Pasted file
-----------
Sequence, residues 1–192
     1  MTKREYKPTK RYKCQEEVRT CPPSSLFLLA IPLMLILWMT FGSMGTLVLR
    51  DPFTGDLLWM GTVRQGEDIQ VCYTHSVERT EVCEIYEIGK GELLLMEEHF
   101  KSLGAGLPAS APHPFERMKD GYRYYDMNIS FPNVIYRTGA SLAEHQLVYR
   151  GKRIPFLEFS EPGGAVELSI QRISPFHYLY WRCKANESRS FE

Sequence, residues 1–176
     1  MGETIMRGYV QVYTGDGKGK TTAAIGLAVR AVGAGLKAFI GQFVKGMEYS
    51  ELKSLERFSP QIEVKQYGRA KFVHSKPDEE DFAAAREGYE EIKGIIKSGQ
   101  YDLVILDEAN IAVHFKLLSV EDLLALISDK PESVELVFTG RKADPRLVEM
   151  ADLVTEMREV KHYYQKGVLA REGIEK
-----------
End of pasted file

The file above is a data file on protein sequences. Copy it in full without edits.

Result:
Sequence, residues 1–192
     1  MTKREYKPTK RYKCQEEVRT CPPSSLFLLA IPLMLILWMT FGSMGTLVLR
    51  DPFTGDLLWM GTVRQGEDIQ VCYTHSVERT EVCEIYEIGK GELLLMEEHF
   101  KSLGAGLPAS APHPFERMKD GYRYYDMNIS FPNVIYRTGA SLAEHQLVYR
   151  GKRIPFLEFS EPGGAVELSI QRISPFHYLY WRCKANESRS FE

Sequence, residues 1–176
     1  MGETIMRGYV QVYTGDGKGK TTAAIGLAVR AVGAGLKAFI GQFVKGMEYS
    51  ELKSLERFSP QIEVKQYGRA KFVHSKPDEE DFAAAREGYE EIKGIIKSGQ
   101  YDLVILDEAN IAVHFKLLSV EDLLALISDK PESVELVFTG RKADPRLVEM
   151  ADLVTEMREV KHYYQKGVLA REGIEK